Shannon Berrey

Scrap Wood Fireplace: Part 1

Tuesday, June 19, 2012

Yesterday I shared my fireplace as it appeared a few weeks ago. Now you can see it New and Improved!

{Please disregard the rainbow hearth--we haven't decided on a tile yet so there are a few different ones pictured}

Using our inspiration picture:

I contacted a local company that sells vintage board and beams. I explained that we just wanted scrap old wood and showed him a picture of what we wanted to do. As usual, I got a cocked head and a very puzzled look from said man. It's OK, I'm used to it. 

 

 He showed us a stack of junk wood and told us we were welcome to as much as we needed. Score!

 

We loaded up the van and stacked them in the garage. They needed to dry out a little and after a few days we sprayed them with Ant and Roach killer because they had lots of ants and you don't want any of those guys coming to live with you. 

Robert then used the table saw to rip the boards to varying thicknesses -- 1 1/2"-2" in thickness. Then he used an orbital sander to lightly sand the front surface. If you sand too much, you lose all the wonderful dings and gray spots that go along with being wonderfully old and all the stories that it holds! if only we felt that way about our own aging....sigh...

This is what I then had to work with. {see my cute assistant in the top left corner?}

A little side note -- I planned on simply cutting the boards into random lengths and then fitting it together as I went. Robert suggested that I cut each row to the exact length needed and recreate it on the garage floor to get a look at the overall project before it was installed. If I had done it my way, we would have ended up with a ton of scraps and probably not enough good pieces. Good. Call. Robbie Ray!

I wanted it to consist of many different depths and widths so I puzzled it together accordingly.

 

 

 

Then it was time to add the stain. I used Minwax Gel stain. I had around 7 different stain colors left over from other projects that I sampled. I decided on Aged Oak.

 I like using the Gel stain because it gives me a little more control and I’m a control freak and is less messy than regular stain. I picked up each board and applied the stain with a rag on the front, the edges and half way back on the top and bottom edges. Because they are staggering depths, you see different parts of each.  

This is with one coat.

After an hour, the stain had really sunk in and had lightened quite a bit. I felt there were lots of places that needed more stain, so I decided to give everything a 2nd coat,

I loved the way it looked after 2 coats. {Staining was the longest part of the whole process}

I didn't stain the top several rows because these were extras for just in case    .

  

 Before I started to attach the wood, I wanted to cut off the top of the sheetrock. This would be the seam where the new piece of sheetrock would be attached. It would be hidden behind the mantle. I was afraid that the wood might interfere with my cutting if I waited to do this step. We measured down 7" and used a laser level to draw the line.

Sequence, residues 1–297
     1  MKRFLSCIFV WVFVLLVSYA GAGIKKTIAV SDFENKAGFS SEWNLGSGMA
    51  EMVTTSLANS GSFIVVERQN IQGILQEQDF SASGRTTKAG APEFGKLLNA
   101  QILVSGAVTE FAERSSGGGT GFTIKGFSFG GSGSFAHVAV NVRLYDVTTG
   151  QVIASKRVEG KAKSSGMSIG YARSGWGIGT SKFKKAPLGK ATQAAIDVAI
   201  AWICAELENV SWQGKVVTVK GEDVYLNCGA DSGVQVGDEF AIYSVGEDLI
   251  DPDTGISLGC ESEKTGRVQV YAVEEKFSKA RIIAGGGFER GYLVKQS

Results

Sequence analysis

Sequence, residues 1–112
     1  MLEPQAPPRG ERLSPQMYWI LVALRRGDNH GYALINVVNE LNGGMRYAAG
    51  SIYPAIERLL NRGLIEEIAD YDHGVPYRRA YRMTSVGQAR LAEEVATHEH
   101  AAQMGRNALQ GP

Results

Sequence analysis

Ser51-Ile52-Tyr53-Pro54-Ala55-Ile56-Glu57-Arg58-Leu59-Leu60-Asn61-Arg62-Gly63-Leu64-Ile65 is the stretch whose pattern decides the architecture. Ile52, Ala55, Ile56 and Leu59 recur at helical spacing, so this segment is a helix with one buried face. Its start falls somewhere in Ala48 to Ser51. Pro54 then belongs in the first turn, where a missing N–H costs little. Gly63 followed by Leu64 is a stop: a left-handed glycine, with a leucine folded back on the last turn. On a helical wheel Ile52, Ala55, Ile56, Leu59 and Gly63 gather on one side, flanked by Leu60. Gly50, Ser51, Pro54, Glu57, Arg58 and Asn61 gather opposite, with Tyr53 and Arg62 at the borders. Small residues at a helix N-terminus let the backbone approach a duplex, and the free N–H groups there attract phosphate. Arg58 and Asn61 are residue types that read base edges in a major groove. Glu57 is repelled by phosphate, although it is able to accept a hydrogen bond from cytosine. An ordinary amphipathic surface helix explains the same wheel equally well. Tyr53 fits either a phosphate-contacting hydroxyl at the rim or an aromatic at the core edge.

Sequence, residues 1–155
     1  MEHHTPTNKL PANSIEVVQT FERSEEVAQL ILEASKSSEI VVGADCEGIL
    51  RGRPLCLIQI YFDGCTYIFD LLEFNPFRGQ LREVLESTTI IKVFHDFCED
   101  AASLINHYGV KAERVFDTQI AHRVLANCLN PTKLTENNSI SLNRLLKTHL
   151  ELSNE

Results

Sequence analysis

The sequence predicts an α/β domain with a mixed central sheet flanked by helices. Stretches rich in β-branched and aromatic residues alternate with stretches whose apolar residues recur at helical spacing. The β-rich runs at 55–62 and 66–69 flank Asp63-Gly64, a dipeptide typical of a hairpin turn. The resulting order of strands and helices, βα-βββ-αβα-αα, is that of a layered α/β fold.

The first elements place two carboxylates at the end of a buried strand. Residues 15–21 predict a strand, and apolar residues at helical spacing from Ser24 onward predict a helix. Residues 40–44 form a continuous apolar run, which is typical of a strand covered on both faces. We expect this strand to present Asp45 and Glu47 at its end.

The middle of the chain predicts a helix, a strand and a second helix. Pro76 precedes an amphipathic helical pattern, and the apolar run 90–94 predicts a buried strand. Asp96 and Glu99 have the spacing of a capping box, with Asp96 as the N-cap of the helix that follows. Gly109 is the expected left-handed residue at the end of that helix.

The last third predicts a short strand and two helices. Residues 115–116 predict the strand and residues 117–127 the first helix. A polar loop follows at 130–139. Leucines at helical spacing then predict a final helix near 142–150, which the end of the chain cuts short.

Using an oscillating tool, I cut through the sheetrock along my line, like butta.

We then removed the strip of sheetrock, exposing the studs. Ours were 16" on center. 

I gathered the supplies for installing the wood: level, construction adhesive, crowbar, pneumatic nailer, nailset, hammer, tape measure {not pictured is the air compressor}

We brought the wood 'puzzle' up and laid it out on the floor in front of the fireplace, making sure to keep it in the exact order it was in in the garage.

I used some wood on the floor to act as spacers at the very bottom to allow for me to slide my tile and backer board in {when I find it} and began gluing the strips of wood. Ideally, the hearth would go in first but I still haven't found one, so this was Option 2.

The white paint on the right shows where the old surround ended. Notice that I chose to extend the new one all the way to the corner.

  

After applying the adhesive and attaching each row on the wall, I used a level to make sure it was, well...level. Listen kids, it's super important that every row is level!! Other wise you will get to the top and it will be really be all whomperjawed and everytime you are sitting there watching The Real Housewives you won't even be able to concentrate because looking at your crooked wood will have you feeling tipsy. Trust.

Then I used the nailer to shoot nails in on the sides, at an angle, to make sure they were not going anywhere. I made sure that each row lined up perfectly on the outside edges. Tip: if a nail didn't shoot in all the way, I used a nail set and a hammer to tap it down. If you leave it sticking up, it can throw your level on the next row. And you want it level {see above} 

Some places I had to use shims to make sure it was level. {'Shims' as in: folded pieces of paper, coasters, a piece of cardboard--whatever I could find} The piece in the middle, across the top of the firebox, was supported by a piece of wood that propped it up until the glue dried.

  In all it's wooden glory!!  Tomorrow I'll show you how we made the mantle, framed the new wall above  and hung the TV.  




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Shannon Berrey Bio
I'm an artist, interior designer, wife and mom. Join me here as I share projects, ramblings, and inspirations.
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